MEXICO CITY -- Rickie Fowler was a victim of golf's new rules on Friday when he failed to take a proper drop from knee height during the second round of the WGC-Mexico Championship.
On his first hole of the day, the par-4 10th at Club de Golf Chapultepec, Fowler shanked his second shot out of bounds, meaning he needed to drop from the same place.
It appeared Fowler instinctively dropped from shoulder height, then hit the ball on the green and two-putted for a 6.
But the new rules that went into effect on Jan. 1 require a drop from knee height.
Because Fowler did not correct the mistake -- he is allowed to do so before playing the next shot, without penalty -- he was assessed a one-stroke penalty. That changed his score of double-bogey 6 to a triple-bogey 7.
Fowler said he was unaware he had broken the rule until he got to the green and playing partner Patrick Reed told him there might be an issue.
"Someone had told him that I had maybe dropped from shoulder height,'' Fowler said after shooting 73. "He mentioned that to me. I was like, 'Oh, yeah, I did.' So, I mean, immediately there, there was nothing I could do. I know I didn't drop properly, but just going through the natural kind of progression of what you do with the drop, that's just what you're used to.''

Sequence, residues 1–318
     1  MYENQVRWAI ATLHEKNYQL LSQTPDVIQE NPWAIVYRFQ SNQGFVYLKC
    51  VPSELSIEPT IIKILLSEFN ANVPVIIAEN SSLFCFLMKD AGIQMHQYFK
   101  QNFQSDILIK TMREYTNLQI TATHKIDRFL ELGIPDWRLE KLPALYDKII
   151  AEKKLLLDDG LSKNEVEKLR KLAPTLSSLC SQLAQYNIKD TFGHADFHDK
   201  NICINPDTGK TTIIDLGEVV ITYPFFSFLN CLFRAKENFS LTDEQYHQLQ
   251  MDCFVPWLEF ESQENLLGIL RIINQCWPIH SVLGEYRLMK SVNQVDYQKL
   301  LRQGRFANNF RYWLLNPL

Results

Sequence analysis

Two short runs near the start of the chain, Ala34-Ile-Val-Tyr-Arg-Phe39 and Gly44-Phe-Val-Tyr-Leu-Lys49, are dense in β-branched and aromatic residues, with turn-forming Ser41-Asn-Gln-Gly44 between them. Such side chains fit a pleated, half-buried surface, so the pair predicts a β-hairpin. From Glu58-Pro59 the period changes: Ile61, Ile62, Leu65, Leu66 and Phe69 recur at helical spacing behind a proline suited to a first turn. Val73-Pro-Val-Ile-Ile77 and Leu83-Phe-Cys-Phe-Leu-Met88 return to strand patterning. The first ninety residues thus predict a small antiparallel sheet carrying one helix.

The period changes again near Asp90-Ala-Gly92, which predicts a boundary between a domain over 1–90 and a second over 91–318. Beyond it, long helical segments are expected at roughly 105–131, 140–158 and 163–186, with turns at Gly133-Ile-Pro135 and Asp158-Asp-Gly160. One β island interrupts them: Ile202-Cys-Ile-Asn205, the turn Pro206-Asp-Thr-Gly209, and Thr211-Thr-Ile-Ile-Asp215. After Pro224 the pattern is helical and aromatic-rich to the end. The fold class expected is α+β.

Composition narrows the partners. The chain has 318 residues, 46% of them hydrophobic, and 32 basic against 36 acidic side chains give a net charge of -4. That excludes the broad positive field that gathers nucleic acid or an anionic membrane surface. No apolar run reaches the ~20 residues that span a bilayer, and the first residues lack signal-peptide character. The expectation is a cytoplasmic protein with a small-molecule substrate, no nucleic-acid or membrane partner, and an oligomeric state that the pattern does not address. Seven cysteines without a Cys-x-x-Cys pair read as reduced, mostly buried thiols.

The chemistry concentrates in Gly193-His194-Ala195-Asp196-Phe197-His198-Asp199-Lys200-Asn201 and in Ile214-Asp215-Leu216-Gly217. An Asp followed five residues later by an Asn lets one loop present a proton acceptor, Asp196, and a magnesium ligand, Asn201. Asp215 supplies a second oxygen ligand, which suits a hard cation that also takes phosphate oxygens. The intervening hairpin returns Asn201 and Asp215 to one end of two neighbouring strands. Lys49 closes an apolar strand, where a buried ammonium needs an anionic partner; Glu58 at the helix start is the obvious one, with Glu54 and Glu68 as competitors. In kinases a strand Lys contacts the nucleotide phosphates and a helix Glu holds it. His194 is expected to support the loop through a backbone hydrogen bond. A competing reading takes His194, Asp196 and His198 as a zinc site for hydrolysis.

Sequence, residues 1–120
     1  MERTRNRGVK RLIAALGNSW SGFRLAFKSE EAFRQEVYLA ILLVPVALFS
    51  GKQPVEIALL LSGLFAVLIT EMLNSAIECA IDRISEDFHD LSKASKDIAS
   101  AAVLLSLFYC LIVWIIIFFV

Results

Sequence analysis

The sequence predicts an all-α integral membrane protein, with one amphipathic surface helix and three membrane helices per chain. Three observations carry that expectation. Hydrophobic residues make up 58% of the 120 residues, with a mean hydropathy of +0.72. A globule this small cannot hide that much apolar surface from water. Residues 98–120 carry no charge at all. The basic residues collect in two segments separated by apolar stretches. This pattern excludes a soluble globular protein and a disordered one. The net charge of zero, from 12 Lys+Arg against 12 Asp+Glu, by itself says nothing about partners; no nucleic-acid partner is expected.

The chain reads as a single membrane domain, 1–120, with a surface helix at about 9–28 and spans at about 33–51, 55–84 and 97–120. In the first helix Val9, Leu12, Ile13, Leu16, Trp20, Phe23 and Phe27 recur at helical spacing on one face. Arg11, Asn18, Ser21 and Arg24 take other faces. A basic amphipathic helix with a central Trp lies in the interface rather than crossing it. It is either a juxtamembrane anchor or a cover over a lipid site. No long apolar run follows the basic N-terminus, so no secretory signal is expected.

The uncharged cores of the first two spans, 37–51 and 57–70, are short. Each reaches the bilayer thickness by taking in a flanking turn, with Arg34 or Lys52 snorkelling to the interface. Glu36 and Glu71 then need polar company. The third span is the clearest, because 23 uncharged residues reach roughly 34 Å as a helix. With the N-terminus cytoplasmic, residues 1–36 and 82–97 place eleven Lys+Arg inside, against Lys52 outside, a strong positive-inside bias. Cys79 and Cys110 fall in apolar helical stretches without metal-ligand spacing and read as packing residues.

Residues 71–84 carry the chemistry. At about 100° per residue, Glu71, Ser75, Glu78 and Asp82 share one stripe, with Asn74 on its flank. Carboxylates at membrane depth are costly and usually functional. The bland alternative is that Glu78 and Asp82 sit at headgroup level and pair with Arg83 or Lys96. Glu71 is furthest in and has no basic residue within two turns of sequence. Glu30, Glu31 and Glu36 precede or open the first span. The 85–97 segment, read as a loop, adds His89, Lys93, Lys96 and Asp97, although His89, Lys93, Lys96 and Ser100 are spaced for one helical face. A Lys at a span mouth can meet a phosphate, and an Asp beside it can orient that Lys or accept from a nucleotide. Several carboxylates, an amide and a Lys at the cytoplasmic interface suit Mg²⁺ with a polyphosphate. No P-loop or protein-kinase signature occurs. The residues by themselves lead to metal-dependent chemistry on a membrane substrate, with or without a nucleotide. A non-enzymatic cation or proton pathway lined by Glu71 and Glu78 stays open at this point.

While many of the new rules instituted this year were meant to make the game simpler, this has been a common source of irritation due to the awkward nature of the knee-height drop and the fact that no advantage is gained from dropping at shoulder length.
The specific rule is 14.3b, which says the ball must be dropped in the right way.
Fowler said he had a drop earlier in the year when he was so aware of the new rule due to considerable discussion about it, and he was unlikely to forget. But in the heat of the moment Friday -- and after hitting a poor shot -- he lapsed, quickly dropping, while his caddie, Joe Skovron, didn't see what occurred.
Later, Rory McIlroy also dropped from shoulder height, but he realized the mistake and corrected it before playing. According to the PGA Tour, this was the second such rules violation in 2019, with the first occurring at the Sony Open in Hawaii to a player who qualified for the event.